Craig Michie with his alpacas and turkeys

A Scottish farm has drafted in two alpacas to help protect this year’s turkeys from predators as the all-important Thanksgiving and Christmas periods approach.

Craig Michie, who rears free-range bronze turkeys near Oldmeldrum, Aberdeenshire, said the alpacas benefit both the farm environment and, ultimately, the flavour of the end product.

“The alpacas bring added security in warding off predators, allowing the turkeys to range further for a more varied diet,” said Mr Michie.

“The birds are free to roam as animals such as foxes, badgers and birds of prey are put off by the presence and smell of the alpacas.”

See also: Christmas turkey producers seek bigger profits

Named Valderrama and Higuita after the talismanic Columbian footballers, the alpacas typically stamp their feet and lower their heads if potential predators come too close.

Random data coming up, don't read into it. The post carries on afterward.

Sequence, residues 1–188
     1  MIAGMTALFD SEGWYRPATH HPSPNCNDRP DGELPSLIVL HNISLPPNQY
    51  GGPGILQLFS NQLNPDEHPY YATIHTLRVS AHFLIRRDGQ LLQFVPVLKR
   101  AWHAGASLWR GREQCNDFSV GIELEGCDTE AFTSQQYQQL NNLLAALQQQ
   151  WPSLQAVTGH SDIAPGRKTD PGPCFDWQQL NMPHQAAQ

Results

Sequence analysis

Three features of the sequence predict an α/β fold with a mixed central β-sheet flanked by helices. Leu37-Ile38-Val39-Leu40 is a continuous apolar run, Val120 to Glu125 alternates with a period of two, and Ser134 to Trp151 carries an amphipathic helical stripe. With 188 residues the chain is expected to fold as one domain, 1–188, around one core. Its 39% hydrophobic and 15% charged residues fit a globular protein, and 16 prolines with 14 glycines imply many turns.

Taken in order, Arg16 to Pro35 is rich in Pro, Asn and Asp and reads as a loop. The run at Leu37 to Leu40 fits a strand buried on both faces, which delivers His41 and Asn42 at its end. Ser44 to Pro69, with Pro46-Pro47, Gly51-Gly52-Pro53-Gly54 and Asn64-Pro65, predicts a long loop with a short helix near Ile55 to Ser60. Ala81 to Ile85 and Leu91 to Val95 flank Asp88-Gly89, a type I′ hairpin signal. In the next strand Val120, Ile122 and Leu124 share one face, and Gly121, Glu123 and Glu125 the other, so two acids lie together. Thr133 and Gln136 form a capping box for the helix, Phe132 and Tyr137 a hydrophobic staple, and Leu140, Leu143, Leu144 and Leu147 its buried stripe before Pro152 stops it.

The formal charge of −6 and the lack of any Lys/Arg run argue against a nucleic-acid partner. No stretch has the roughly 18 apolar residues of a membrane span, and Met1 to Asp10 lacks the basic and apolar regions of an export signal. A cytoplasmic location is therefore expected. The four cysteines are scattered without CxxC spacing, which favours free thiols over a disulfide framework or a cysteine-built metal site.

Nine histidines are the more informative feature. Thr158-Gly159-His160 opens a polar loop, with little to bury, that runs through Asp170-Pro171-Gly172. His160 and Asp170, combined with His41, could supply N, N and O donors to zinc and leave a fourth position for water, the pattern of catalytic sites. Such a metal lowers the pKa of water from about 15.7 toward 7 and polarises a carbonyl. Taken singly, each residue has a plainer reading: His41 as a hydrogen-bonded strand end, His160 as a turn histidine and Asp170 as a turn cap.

“My daughter calls them the “pacas” and the whole family has become attached to them. But the main benefit is to the turkeys,” said Mr Mackie.

“The added security allows the turkeys to reach the game cover, brassicas and grasses on the boundaries of the farm. This diet helps to enhance the rich, gamey nuances of the bronzes. 

“The turkeys are also fed on a home mix of cereals, including oats, which are full of antioxidants. This also gives the meat more depth in flavour and a beautiful, creamy-coloured finish.”

Mr Michie said his birds filled a gap in the market for high-quality, slowly-grown turkeys.